NRL boss David Gallop expressed his shock publicly, pledging to monitor Monaghans’ response to what he characterised as an atrocity. There was condemnation from the league, self-denunciation on the part of the player and a lot of soul searching by the Club. NRL officials expressed being appalled by the image and the Raiders instigated a public enquiry into the incident
By contrast the AFL apparatus moved into defensive mode quickly, their response being one of arrogance, with the fraternity indifferent to the fate of the teenager and without taking any responsibility for the players’ actions or the injury of the girl who was castigated.
Whilst the dog went on with his life, Ross Levin, representing St Kilda players and the AFL Players Association promised the public he would have the girl on a leash for the next 15 years of her life.
The AFL’s response was typical of a neanderthal pack mentality of maurauding footballers whose guardians are oblivious of women’s rights and lacking in any sensitivity.
Despite all of the tokenistic gestures in place to uphold the respect of women, they are just empty gestures. The only thing that the guardians of AFL upheld was respect and sympathy for the injured footballers. In reacting as they did, they normalised the behaviour of the players and assisted the fans in remaining desensitised to the real victims.
The Monaghan incident didn’t involve any statutory rape investigations, family disruption. The dog moved on with it’s life without any counselling or support, and no statements were taken from either it or it’s owner. As far as we know the dog didn’t feel used as a sex toy for gratification and disposed of, possibly because it wasn’t expecting a life long commitment, eviction or a pregnancy followed by a miscarriage. Neither are we are of any police abuse of the dog.
The unspoken tragedy here is not just the direct victim, namely the teenage girl, rather the indirect victims. It is women themselves who have collectively been victimised and shown that they are prepared to make rash and unsafe assumptions about this girl’s plight. The clearest evidence of this is the admonition ‘she was asking for it’.
To correct any organisational malaise, cultural change is required, not just a set of principles incorporated into a document which are more honoured in the breach than the observance.
There needs to be a willingness to engage in some self-reflection. It requires strong moral leadership, an attitude of humility and integrity and a code of honour.
The NRL has had more serious scandals than the AFL, and have learnt to be more pragmatic having learnt some hard lessons. The NRL can’t afford to be as idealistic as the AFL are being about their players. The NRL have meted out some disproportionately harsh penalties to its’ players on more than one occasion.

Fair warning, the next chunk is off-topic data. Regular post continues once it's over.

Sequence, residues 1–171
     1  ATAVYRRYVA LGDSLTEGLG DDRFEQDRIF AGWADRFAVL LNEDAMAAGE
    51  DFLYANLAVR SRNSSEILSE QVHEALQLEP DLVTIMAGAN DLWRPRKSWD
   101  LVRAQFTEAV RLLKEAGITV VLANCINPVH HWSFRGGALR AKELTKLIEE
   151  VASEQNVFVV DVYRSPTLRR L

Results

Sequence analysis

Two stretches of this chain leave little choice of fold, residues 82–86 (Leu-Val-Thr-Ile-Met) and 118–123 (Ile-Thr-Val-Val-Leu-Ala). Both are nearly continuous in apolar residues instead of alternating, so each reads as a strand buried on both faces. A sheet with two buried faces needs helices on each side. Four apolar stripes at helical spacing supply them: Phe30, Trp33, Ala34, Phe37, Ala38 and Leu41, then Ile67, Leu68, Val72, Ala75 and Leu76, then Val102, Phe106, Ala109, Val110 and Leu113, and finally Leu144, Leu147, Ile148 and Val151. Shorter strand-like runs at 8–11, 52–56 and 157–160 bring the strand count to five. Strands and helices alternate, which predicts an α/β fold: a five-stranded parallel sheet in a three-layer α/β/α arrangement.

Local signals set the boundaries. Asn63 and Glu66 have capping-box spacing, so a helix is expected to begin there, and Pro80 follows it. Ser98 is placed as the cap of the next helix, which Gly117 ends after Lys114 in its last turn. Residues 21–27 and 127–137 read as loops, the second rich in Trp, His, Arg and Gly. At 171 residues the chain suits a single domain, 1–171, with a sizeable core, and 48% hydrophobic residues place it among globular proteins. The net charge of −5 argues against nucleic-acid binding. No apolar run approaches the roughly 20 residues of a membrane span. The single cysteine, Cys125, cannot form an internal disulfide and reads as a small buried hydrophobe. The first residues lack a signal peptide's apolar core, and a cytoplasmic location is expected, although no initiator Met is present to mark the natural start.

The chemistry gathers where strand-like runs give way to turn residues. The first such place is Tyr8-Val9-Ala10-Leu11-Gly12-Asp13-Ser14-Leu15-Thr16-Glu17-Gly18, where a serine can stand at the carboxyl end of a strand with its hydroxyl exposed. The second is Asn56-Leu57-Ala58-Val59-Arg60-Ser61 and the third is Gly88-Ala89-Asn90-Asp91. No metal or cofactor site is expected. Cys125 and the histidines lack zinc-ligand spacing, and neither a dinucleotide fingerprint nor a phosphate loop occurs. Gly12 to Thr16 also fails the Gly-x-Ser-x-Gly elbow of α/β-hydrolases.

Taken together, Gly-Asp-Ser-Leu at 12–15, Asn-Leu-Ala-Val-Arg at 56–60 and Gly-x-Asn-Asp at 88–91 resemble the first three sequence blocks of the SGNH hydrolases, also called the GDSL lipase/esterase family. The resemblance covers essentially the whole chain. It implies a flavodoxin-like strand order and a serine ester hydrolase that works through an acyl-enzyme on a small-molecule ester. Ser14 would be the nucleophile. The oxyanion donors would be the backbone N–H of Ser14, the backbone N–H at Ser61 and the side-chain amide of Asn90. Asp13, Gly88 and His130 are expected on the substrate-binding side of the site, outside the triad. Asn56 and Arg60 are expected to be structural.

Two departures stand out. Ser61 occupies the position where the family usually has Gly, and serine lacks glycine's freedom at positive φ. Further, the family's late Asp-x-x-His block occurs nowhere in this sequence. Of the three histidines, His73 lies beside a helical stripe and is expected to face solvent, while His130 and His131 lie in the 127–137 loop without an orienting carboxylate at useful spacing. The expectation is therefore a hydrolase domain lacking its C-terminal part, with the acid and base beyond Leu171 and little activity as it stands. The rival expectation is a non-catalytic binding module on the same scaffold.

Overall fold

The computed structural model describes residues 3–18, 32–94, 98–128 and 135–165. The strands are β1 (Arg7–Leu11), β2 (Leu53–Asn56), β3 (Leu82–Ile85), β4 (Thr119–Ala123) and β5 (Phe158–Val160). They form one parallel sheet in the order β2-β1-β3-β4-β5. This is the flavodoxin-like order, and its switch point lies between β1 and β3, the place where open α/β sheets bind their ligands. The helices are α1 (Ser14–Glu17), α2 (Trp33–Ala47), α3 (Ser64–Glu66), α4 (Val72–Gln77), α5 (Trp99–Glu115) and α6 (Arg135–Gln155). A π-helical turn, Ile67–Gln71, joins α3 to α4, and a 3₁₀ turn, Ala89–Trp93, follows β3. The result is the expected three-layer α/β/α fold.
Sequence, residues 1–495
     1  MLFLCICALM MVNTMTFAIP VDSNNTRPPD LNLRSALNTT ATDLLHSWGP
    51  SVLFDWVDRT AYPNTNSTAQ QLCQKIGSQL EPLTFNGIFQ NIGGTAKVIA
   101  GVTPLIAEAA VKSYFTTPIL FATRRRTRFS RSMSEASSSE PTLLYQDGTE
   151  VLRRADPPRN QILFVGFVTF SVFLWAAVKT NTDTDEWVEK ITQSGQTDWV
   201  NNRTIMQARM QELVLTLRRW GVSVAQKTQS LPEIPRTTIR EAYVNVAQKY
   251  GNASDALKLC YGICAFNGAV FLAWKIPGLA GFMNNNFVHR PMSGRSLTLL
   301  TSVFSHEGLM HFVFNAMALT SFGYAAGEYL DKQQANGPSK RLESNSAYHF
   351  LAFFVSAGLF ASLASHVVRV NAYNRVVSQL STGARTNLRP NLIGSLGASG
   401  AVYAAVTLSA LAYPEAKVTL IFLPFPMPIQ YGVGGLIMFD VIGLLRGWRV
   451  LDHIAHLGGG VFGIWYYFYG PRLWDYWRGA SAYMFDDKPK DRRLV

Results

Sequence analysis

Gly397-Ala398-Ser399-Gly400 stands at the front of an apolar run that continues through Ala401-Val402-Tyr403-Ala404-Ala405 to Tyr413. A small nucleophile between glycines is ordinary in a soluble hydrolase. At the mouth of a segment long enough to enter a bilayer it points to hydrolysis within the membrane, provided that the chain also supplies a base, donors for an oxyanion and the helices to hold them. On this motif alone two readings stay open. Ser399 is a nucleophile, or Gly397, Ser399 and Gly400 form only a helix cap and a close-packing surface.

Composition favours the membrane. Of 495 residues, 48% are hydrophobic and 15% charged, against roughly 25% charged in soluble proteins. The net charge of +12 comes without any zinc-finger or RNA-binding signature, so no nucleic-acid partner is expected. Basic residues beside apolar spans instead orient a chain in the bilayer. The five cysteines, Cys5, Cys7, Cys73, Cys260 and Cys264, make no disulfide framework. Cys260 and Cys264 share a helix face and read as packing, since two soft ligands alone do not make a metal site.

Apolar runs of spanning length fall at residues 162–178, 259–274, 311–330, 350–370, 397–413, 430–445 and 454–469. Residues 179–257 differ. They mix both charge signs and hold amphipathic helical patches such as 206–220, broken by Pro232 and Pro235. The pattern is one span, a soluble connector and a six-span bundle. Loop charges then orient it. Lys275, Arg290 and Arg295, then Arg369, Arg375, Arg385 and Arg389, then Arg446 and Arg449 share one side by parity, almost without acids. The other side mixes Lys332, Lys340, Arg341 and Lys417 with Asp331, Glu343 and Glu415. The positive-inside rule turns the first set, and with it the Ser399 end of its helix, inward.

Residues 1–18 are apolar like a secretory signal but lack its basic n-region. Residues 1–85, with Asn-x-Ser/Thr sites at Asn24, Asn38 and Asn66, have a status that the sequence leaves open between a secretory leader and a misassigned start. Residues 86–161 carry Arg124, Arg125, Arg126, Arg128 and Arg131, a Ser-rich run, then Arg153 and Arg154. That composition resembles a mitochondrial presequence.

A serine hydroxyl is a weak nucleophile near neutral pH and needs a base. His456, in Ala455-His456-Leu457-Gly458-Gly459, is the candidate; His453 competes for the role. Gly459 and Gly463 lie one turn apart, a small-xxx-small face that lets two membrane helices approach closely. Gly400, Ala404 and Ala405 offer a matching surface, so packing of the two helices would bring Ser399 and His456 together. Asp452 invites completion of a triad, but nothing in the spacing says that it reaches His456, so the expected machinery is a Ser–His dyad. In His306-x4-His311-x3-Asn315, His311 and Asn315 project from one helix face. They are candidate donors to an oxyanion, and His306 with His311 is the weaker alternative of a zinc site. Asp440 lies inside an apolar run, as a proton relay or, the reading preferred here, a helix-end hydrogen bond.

It takes time and effort for change to occur within any organisational culture. The AFL desparately need exemplars and ambassadors. For instance, when Leigh Matthews exhorts his players not to hit other players during a match, he would be the first to admit that he gained notoriety for king hitting as a player and was the first football player ever to be charged with a criminal offence for ‘on-field conduct‘. Leigh Matthews, although he has made mistakes, is ‘real’.
An AFL coach looking like the Michelin tyre man exhorting players to train hard and eat well may not be taken credibly by players. An Club executive condemning a young fragile girl who has been abused is not a good example for players who are being taught to respect women by the Club and the AFL.
The moral personal discipline needs to be included into the mix of characteristics required to be an ambassador both on and off the field.
Disappointingly, the occasional ex-footballer who has dared to express their opinion with unwavering moral integrity about the inappropriateness of the AFL’s response to women has been greeted by derision by players and club officials. It would be refreshing to see similarly enlightened views filtering down from the top brass in the AFL.
More often than not controversial comments coming from the likes of Jason Akermanis to the effect that he perceives that there is widespread drug use in the AFL are treated as more scandalous by the AFL than the issue of alleged drug use itself.
The tendency which seems to be entrenched, of the AFL silencing critics rather than deal with the problem, reek of attitudes endemic in a dictatatorship rather than a vibrant democracy.